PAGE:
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'Cards Against Humanity' Creator Threatens To Buy & Publish Congress Members' Internet Histories

By Stephen Gossett in News on Mar 30, 2017 3:41PM

Getty Images / Photo: Mark Wilson

The GOP renewed its semi-regular mission to kill the Internet on Tuesday, when the House of Representatives voted along party lines to severely roll back internet privacy restrictions. The measure—which would allow internet service providers to sell users' browsing histories to advertisers and other parties without their permission—sparked a tsunami of backlash, even within the dark corners of pro-Trump trolldom. But anyone with a fondness for base-level privacy rights was alarmed, including Max Temkin, creator of the Cards Against Humanity card game. So Temkin made an intriguing, noble threat in light of the news: he vowed to give reps a taste of their own, by purchasing and publishing Congress members' browser histories.

Temkin's pledge garnered a flood of support on Twitter and Reddit, which, no surprise, given the galling overreach of the proposed measure. So on Wednesday evening amid so much attention, Temkin posted to clarify where things stand—and urge folks to take action now, and not wait around for the guerrilla campaign, however inspired. He also urged people to be "very skeptical" of fundraising projects that claim to be raising money to but Congress' data, which is a point well taken.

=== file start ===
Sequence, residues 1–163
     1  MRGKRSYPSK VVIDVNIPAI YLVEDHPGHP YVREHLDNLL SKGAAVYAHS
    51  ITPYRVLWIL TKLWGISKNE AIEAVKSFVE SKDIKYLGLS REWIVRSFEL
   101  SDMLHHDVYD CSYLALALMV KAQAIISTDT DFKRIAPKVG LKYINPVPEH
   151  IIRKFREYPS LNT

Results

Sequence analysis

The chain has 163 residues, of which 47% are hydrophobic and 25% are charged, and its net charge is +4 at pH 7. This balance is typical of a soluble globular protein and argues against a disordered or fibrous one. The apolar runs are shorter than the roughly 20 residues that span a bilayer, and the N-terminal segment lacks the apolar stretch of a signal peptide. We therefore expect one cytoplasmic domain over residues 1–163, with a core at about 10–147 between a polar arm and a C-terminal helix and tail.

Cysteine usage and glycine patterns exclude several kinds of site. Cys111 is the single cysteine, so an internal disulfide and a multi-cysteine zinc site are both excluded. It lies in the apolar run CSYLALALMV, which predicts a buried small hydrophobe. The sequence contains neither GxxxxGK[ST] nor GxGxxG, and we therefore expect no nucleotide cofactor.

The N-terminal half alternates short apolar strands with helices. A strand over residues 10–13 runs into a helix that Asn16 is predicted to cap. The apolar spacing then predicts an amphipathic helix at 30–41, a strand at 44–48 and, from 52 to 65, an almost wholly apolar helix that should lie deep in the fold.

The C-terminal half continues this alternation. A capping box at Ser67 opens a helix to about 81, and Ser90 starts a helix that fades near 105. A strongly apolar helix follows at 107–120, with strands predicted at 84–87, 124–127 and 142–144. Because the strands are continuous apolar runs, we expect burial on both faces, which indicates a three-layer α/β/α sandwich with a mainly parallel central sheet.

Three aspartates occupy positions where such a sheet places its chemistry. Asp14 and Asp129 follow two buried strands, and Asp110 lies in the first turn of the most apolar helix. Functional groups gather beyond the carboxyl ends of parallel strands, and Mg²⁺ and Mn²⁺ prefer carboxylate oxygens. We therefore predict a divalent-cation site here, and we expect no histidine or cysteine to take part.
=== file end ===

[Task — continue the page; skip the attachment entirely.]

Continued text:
Temkin wrote on Reddit (emphasis his):

"The amount of attention this is getting is honestly starting to scare me. I know that voting this up is funny, and easy, and feels good. But even if we get this data, it's a symbolic victory at best. Our basic human rights, like the right to privacy, are being sold to the highest bidder while the best minds of our generation are here on Reddit asking pro gamers if they want to fight a horse-sized duck or whatever. Real, material change requires sacrifice. You probably can't do it on a computer. If you're frustrated with the way things are going, the incompetence and corruption of government, and the money in politics, we need to support institutions like the [Electronic Frontier Foundation] and we need to be heard by elected officials. I really like the tool If 100 Redditors called a congressman, it would freak them out and their staff would have to do something about it. It really doesn't take much."

Cards Against Humanity matched up to $10,000 in donations made to the Electronic Frontier Foundation, a digital rights non-profit, on Wednesday. They also followed Chance's lead and matched donations to Chicago Public Schools.

Temkin's call is vintage Cards Against Humanity, equal parts clever pranksterism (see the company's Dada-ist Super Bowl potato ad, their campaign to dig a hole in the ground) and motivated political concern (sending gallons of lube to the Oregon militia, donating large sums toward open government). Here's hoping it spurs the intended poetic justice—and actual justice.